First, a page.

June 22, 2024
Understanding how zwitterionic polymers can lead to safer drugs and disease prevention
Protein stabilization is key to tackling protein aggregation, which is involved in neurodegenerative diseases. Rajan et al. explore molecular mechanisms by which zwitterionic polymers stabilize proteins, highlighting how modifications in hydrophobicity and molecular weight effectively prevent aggregation. Credit: Kazuaki Matsumura, JAIST.

Proteins are vital biomolecules responsible for performing various functions in the human body and are thus regarded as the workhorses of a cell. The primary structure of a protein is composed of different amino acids coming together. The structure so formed then undergoes protein folding, a process by which a protein acquires its characteristic and functional three-dimensional configuration.

This state, referred to as the “native state,” is crucial for proper protein function. Unfavorable conditions, such as stress or exposure to external agents, can cause proteins to misfold and form aggregates, hampering their ability to perform their original functions.

Protein misfolding has been implicated as the underlying cause of a range of human diseases, notably Alzheimer’s, Huntington’s, and Parkinson’s. Additionally, aggregate formation is also known to impact the efficacy and safety of protein-based drugs. This underscores the need for investigating compounds and strategies that can suppress misfolding and enhance protein stabilization.

Recent studies have reported the protein stabilization ability of a few polymers. However, their mechanism of action and the impact of interactions between hydrophobic components (the components that repel water) and proteins are not well understood.

To address this knowledge gap, a team of researchers led by Professor Kazuaki Matsumura from the Japan Advanced Institute of Science and Technology (JAIST), including former Assistant Professor Robin Rajan, doctoral research fellow Dr. Dandan Zhao from JAIST, and Assistant Professor Tadaomi Furuta from the Tokyo Institute of Technology, conducted a study to elucidate the mechanism of protein aggregation inhibition by sulfobetaine (SPB).

In their study published in Cell Reports Physical Science, the researchers also tried to understand the specific interactions that occur between hydrophobic components and proteins and their impact on protein aggregation.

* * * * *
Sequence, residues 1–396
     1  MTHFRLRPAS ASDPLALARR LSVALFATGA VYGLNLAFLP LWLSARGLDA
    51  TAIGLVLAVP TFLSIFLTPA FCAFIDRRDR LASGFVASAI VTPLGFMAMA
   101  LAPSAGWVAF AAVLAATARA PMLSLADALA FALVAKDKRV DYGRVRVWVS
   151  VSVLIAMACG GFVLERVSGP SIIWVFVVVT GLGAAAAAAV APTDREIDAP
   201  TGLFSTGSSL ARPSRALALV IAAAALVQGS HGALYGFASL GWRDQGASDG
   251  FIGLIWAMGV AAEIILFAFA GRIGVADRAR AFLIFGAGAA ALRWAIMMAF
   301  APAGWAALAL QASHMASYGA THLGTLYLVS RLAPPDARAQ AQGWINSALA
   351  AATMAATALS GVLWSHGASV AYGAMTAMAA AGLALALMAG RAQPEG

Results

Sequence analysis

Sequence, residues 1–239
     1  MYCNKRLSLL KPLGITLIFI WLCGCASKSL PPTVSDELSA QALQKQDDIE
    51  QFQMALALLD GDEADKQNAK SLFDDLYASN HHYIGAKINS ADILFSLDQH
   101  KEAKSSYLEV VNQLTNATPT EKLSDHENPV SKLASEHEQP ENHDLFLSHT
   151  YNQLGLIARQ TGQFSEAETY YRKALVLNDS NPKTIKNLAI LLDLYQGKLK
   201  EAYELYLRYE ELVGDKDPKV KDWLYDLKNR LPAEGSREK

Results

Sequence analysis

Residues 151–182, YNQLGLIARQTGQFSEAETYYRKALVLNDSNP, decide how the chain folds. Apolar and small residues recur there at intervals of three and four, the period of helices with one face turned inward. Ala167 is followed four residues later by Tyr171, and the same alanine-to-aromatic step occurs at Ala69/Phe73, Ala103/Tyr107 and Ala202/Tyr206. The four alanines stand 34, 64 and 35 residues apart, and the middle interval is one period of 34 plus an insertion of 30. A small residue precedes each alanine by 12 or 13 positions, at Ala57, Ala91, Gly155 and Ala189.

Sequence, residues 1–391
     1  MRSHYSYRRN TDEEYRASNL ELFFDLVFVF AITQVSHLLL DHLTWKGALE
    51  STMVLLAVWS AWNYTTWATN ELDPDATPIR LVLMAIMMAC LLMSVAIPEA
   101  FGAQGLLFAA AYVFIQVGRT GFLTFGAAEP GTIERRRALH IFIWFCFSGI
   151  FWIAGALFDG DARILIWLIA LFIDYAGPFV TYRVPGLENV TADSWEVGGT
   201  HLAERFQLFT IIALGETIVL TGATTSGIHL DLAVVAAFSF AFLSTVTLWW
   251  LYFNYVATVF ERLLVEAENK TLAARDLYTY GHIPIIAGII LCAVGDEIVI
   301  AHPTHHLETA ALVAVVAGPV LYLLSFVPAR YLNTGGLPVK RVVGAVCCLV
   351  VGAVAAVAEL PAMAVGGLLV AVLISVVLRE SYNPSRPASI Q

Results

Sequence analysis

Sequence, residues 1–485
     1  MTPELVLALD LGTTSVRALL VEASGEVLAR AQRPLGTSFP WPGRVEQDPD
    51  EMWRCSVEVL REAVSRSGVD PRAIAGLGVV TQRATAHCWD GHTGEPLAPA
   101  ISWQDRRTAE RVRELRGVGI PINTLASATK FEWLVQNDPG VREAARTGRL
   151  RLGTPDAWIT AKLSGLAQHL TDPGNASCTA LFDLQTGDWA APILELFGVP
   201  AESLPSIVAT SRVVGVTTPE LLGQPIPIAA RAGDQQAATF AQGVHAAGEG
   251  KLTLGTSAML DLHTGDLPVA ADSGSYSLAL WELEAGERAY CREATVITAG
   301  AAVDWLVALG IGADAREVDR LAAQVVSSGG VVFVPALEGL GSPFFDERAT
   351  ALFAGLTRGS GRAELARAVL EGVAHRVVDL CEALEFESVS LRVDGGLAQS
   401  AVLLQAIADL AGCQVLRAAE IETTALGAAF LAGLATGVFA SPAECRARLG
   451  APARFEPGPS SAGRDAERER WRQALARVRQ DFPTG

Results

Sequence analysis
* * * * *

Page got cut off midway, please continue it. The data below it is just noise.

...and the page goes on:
• Understanding how zwitterionic polymers can lead to safer drugs and disease prevention
    Inhibition of aggregation of insulin solution. i) before heating, ii) after heating without PSPB and iii) after heating with PSPB. Credit: Kazuaki Matsumura, JAIST.
  • Understanding how zwitterionic polymers can lead to safer drugs and disease prevention
    Schematic representation of the sequence of on-pathway structural changes accompanying insulin fibrillation as well as the role of zwitterionic polymer in suppressing the formation of insulin aggregates. Credit: Kazuaki Matsumura, JAIST.

Explaining the rationale behind this study, Prof. Matsumura says, “Previously, we conducted a study on polysulfobetaines (PSPBs), a zwitterionic polymer that consists of functional groups with both positive and negative charges. We found that the polymer showcased exceptional efficiency in suppressing protein aggregation. However, the impact of hydrophobicity remained unexplored.”

In this study, the researchers synthesized PSPBs with different molecular weights and added varying amounts of hydrophobic monomers individually and with different alkyl chains through a process known as reversible addition-fragmentation chain transfer polymerization. The researchers then analyzed the protein-stabilizing properties of these polymers and examined the interactions between polymers and proteins through physicochemical techniques.

Their findings revealed that PSPBs offered protein stabilization by disrupting the important pathways involved in protein aggregation. Further, hydrophobicity and molecular weight both had an influence on preventing protein aggregation and enhancing protein stabilization. Increasing these factors amplified the weak and reversible interactions between SPB and proteins.

“We can think of these polymers as reversible molecular shields, which disrupt the aggregation pathway,” explains Prof. Matsumura, while discussing the results of their study. The researchers also found that on removal of stress, refolding of the partially unfolded intermediates was observed, suggesting regaining of their native states.

Thus, by unraveling the intricate molecular mechanisms of protein aggregation suppression by zwitterionic polymers, this pioneering study may open avenues for new therapeutic strategies that delay or prevent diseased conditions and help ensure the safety of protein-based drugs.

In the words of Prof. Matsumura, “In 5 to 10 years, this research could lead to the development of novel, more effective treatments for conditions related to protein misfolding, significantly improving patient outcomes. Additionally, it may enable the production of more stable and cost-effective protein therapeutics, benefiting the pharmaceutical industry and health care providers.”

More information:
Molecular mechanism of protein aggregation inhibition with sulfobetaine polymers and their hydrophobic derivatives, Cell Reports Physical Science (2024). DOI: 10.1016/j.xcrp.2024.102012. www.cell.com/cell-reports-phys … 2666-3864(24)00280-7

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Japan Advanced Institute of Science and Technology

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Understanding how zwitterionic polymers can lead to safer drugs and disease prevention (2024, May 30)
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